Molly had just graduated and was looking for a place to live, in different circumstances she’d have retrieved more than the hard hat from her grandparents’ house. The rest of the family, her mother, aunt and Uncle Toby were less sentimental. Molly’s mother, Christina, was 11 when her father, Richard, remarried. Her new step mother had never wanted children and now she had 3. Christina’s siblings were 10 years older and already had independent lives so it was Christina who had to adapt most. The new family moved to Islington, then a working class area. Here, Richard, a barrister, would be able to offer legal help to the local community. But the neighbourhood didn’t embrace the family immediately, one morning Christina woke to find ‘you are too posh’ scrawled on the pavement outside their house. This was not how Richard, still an idealistic communist, had imagined life. He continued to support the party, even after fellow members left in protest of the murder of a Hungarian student who’d been peacefully demonstrating against the Soviet’s treatment of his country. Richard’s son, Toby, felt his father should have relinquished his membership. When he finally did, 8 years later, his old comrades viewed it merely as an act of expediency – now he could become a judge. And yet Richard saved this hat throughout his life, a symbol of victory for the common man and a ‘thank you’ from the Kentish miners suffering from lung disease for whom he’d finally won compensation. On the day of Richard’s funeral the community, once sceptical of him as a middle class interloper, turned out and lined the full length of Popham Street.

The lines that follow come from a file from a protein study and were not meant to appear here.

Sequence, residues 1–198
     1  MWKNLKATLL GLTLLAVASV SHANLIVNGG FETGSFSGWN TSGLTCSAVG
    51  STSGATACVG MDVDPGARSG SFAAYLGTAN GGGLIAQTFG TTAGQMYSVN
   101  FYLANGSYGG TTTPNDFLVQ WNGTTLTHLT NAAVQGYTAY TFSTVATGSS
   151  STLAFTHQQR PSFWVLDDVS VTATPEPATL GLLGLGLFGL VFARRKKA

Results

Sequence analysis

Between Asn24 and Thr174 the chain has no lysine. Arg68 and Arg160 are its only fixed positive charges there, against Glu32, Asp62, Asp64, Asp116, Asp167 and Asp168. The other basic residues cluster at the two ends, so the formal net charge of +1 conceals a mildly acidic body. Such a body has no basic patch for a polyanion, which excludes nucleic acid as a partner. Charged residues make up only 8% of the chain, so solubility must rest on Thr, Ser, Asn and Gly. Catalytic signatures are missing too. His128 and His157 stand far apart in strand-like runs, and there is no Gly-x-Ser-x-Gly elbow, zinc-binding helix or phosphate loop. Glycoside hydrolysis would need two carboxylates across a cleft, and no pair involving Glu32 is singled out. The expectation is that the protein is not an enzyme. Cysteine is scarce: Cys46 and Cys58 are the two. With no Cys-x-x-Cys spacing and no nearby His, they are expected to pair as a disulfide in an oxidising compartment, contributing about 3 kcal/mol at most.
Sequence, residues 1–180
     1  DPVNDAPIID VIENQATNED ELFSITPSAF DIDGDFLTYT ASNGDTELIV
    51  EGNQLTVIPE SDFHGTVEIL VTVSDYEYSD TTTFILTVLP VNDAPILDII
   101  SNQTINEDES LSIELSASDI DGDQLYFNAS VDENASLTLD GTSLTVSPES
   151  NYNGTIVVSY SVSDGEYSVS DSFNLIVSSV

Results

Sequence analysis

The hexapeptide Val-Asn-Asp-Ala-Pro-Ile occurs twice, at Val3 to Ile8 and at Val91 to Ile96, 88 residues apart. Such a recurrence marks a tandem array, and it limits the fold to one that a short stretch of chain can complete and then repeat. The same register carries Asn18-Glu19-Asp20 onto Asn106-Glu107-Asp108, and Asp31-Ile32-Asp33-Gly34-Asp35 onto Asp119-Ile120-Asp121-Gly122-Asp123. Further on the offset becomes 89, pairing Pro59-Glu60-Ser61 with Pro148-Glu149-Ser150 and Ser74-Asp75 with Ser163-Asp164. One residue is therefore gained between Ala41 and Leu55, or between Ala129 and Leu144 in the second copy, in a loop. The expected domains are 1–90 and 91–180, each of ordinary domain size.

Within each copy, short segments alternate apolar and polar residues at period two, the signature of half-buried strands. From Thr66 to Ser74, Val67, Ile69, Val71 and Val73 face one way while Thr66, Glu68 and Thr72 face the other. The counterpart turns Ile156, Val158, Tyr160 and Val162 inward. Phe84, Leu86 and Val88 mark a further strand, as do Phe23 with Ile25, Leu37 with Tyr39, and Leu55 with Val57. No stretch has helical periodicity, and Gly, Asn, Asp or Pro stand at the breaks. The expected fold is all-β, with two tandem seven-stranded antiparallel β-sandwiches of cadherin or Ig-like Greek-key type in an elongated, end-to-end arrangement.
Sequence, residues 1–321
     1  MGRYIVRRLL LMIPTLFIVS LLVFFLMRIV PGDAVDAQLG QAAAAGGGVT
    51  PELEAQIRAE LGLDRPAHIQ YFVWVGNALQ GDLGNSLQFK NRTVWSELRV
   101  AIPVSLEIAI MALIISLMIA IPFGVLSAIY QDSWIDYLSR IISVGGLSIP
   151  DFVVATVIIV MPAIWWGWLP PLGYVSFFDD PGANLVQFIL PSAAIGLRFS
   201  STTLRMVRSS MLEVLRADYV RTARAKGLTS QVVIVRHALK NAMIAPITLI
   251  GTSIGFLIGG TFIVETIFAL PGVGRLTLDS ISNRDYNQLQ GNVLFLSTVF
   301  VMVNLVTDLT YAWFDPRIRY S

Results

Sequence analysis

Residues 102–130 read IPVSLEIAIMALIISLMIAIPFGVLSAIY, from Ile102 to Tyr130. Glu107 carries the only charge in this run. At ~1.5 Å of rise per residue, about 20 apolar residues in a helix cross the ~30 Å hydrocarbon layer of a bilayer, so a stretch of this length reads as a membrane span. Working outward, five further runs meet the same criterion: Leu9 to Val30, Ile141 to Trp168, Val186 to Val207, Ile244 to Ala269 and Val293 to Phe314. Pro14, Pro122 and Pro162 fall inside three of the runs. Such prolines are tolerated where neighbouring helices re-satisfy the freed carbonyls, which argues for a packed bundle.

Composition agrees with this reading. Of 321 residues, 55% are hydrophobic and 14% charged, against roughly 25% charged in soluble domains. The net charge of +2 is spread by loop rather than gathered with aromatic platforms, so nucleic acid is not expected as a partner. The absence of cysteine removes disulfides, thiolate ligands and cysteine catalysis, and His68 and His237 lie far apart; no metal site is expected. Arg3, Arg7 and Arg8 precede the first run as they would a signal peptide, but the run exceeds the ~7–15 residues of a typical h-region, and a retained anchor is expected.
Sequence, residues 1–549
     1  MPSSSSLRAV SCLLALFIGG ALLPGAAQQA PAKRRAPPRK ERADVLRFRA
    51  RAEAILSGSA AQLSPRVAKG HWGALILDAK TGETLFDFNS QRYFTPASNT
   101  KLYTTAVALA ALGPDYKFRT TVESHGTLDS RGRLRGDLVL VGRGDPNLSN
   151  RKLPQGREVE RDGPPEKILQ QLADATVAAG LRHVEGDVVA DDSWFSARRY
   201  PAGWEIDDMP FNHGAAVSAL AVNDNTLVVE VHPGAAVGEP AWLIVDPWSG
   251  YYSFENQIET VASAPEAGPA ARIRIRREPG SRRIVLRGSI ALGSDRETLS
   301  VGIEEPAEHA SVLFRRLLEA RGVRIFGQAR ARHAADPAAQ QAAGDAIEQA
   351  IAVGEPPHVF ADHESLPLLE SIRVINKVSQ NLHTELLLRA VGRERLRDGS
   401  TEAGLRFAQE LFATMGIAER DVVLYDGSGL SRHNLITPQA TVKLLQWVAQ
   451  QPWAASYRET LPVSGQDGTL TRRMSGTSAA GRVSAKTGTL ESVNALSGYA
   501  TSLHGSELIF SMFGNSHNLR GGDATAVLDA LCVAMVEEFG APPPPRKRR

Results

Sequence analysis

Nightcliff was a quiet seaside town, the calm only occasionally rippled by ‘salty sightings’, when crocodiles swam out of the mangroves and into surfer territory. Aged 7, Chrys was already building his way out of suburbia. He began to construct cities out of wooden blocks, specifically New York, piecing together its grid of skyscrapers from episodes of ‘Beauty and the Beast’. When the family left Australia to return to Greece, Chrys felt even further from his urban idyll. Their new home was surrounded by flat cotton fields, uninterrupted for 80 miles until Mount Olympus rose in the north. At 10 Chrys was still dreaming of a life in the city, he knew the population of every capital in the world. At aged 14, encouraged by his teacher Elli, he applied to college in London. He received a polite rejection, he should try again in 10 years. In 2004, a little over 10 years later, he won a place at Central Saint Martins and finally, he moved to the big city, to London, population 7,389,101.
Nothing was clearer with 326 pixels per inch. The screen, polished by laser beams or gamma rays or whatever else it was they’d used to make it so shiny, just threw back Ceri’s reflection. To see the stars, she realised she needed to look up, not down. For close to a year, Ceri had been sofa surfing, house sitting and spending weekends lengthening into weeks at her parents’. With the promise of a new job in America, she gave up her flat and zealously started clearing out thirty years worth of accumulated stuff. In the attic of the family home near the Malvern Hills, Ceri uncovered her Usborne Spotter’s Guide. Each page of this ‘companion for young enthusiasts of the natural world’ was marked with the deliberate Biro hand of her five year old self. The discovery prompted her to buy more guides – Birds, The Seashore and The Night Sky. She deleted her expensive astronomy app and gave up Instagram, tired of it’s ‘anticipated memories’. Now when Ceri is star-gazing or hiking, she leaves her phone behind and instead consults her Spotter’s Guides. Her job in California is currently on hold, and for now, she’s happy to spot a fox over a coyote, an English Oak over a Sequoia and a stoat over a Mountain lion.